DIY Xterra Interior Bike Rack

Nissan's Interior Bike Rack

When I bought the Nissan Xterra heavily advertised is a neat little item: an interior bike rack. It mounts into the rails in the back and has a quick release skewer that mounted the front fork.

Big problem: no one bought them.  Nissan had only 4 of them in their inventory nationwide, and the total cost to get one to Pittsburgh was about $450. Fuck that.

So instead, I made a simple one out of Thule and Yakima parts (pics below). Here is how:

With the exception of the hardware, I got all parts from eBay.  You’ll need a saw of some sort with a metal blade (I used a Sawzall), and a drill with a 3/4″ bit to drill 2 holes per bike mount.

The process was simple…

Get a pair of 50″ Thule square crossbars and cut to fit the interior.  I believe I my final length was 46″.

Then using a Yakima Blockhead as a template, drill two 3/4″ holes in the crossbar.  Line the holes up where you’d like the bike to sit in the truck.  The car is wide enough to accommodate two, possibly 3 bikes depending on how you space them. Best bet it to put one behind the drivers seat and one behind the front passenger.

Once the holes are drilled, mount the Blockhead to your crossbar with 3/4″ bolts.

Thread two 6mm x 50mm bolts through the bolt holes of 2 Yakima 4H mounts.  The ends of these bolts will thread into the metal track bolt that came with your rear net mounts.

Thread the large holes of the 4H mounts of your cross bar, insert the track bolts into the tracks in the rear of the car, then tighten them down.  Viola, you’ve got an interior bike rack.  Remove your front wheel from the front fork, and latch your front fork into the Yakima quick release.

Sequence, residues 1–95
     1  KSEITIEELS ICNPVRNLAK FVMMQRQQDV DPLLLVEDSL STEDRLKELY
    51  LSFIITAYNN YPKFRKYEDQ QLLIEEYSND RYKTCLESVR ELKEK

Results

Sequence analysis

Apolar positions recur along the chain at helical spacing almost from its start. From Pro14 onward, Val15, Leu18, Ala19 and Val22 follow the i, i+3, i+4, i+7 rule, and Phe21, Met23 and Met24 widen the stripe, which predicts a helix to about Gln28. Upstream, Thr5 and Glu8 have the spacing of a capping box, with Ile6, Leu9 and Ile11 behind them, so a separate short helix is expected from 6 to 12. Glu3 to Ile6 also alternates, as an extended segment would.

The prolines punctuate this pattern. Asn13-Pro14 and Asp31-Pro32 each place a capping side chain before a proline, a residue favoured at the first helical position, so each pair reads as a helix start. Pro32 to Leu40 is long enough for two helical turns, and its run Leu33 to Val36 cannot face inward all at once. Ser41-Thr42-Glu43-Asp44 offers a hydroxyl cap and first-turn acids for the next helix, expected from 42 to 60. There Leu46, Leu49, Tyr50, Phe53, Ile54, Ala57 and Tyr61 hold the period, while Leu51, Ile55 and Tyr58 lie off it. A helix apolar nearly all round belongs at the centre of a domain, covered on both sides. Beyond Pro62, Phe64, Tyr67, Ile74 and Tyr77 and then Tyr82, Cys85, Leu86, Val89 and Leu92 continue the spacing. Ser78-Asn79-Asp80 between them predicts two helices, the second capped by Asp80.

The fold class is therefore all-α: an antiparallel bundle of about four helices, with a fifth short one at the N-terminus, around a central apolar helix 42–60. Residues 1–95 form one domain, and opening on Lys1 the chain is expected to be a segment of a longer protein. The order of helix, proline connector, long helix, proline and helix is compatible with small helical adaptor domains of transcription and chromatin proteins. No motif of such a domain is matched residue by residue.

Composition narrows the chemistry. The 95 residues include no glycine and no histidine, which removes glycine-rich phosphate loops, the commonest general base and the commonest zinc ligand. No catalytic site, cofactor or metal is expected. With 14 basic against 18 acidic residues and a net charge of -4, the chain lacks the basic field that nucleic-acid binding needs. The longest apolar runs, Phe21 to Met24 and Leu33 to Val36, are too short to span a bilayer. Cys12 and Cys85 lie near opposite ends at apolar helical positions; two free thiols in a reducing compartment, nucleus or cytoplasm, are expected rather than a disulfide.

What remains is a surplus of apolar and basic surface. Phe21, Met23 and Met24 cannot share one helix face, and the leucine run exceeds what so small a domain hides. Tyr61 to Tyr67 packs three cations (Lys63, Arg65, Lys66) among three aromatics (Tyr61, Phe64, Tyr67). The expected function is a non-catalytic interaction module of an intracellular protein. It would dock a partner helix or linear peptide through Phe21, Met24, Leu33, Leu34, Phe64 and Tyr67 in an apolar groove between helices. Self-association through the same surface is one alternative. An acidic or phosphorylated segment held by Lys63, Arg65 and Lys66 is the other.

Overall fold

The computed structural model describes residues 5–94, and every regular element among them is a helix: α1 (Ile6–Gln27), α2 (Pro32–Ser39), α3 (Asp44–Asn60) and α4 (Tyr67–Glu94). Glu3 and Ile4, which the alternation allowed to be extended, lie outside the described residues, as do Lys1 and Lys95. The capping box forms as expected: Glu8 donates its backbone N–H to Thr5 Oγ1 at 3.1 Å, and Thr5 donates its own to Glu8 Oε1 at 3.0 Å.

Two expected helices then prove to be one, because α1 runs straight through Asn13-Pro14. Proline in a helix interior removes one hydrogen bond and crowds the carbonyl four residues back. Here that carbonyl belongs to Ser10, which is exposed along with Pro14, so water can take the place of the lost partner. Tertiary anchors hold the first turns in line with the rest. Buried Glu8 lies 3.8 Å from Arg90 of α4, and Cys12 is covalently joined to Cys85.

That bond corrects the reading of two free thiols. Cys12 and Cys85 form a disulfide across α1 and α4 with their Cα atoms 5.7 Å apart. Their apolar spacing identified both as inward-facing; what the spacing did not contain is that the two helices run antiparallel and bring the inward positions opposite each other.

Parts List and Approximate Costs

Part New Used Link
Yakima Blockhead (9mm Skewer, nonlocking) $30 $20 to $30  Link
Yakima 4H Mounts $35 for 4 $20 for 4  Ebay
50″ Thule Square Crossbars $80/pair $20/pair  Ebay
2  6mm x 50mm bolts $2
4 3/4″ x 2″ nylon bolts/nuts $2
Total $150  $64



Bike Rack1

Interior Rack



Skewer & Fork

Interior Rack

Posted in Mechanical, Mountain Biking, Outdoors, Riding by with 10 comments.

Why don’t more people ride Mingo?

I think I’ve said this before, but I can’t fathom why more people don’t ride Mingo Creek Park, in Washington PA.  I realize it doesn’t have the mileage of Bavington or LOL LOG PILES!!1 of North Park. What you’ve got is a ride through several different sets of conditions.  Each one is a little but more fun then the one you’ve just cut across.

You’ve got grueling steep climbs up unforgiving rocky horse paths.  You’ve got fast and loop descents with plenty of roots to put you on your ass.  I’ve got hidden single track through overgrown glades of tall grass.

You encounter groomed trails, overgrown single trail, soft surface pine groves, surprise mud bogs and creek crossings.  Each time I ride this park I end up liking it just a little bit more.
7.75 miles — 0 otb — 2000 calories

GPSies - Mingo Creek 09/05/2010See the full track statistics here



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Mechanical Woes – Front Crank

Swapping out a (junk) from crankset off of the Hardrock.  Was originally a Shimano FC-M191 (24/34/42).   Suprisingly difficult to get a hold of .  Ordered it off of, and it turned out they were sold out.  So they (no charge) upgraded me to a better front crank (click for link).

But the geometry doesn’t seem to line up, or I’m doing something wrong.  Specifically the front derailleur doesn’t seem to have enough travel to shift to the outermost ring, even if I crank its limit all the way out.  Does the front derailleur have to match the “parts group” of the front crank?  Anyone know?







Shimano FCM-191, polished

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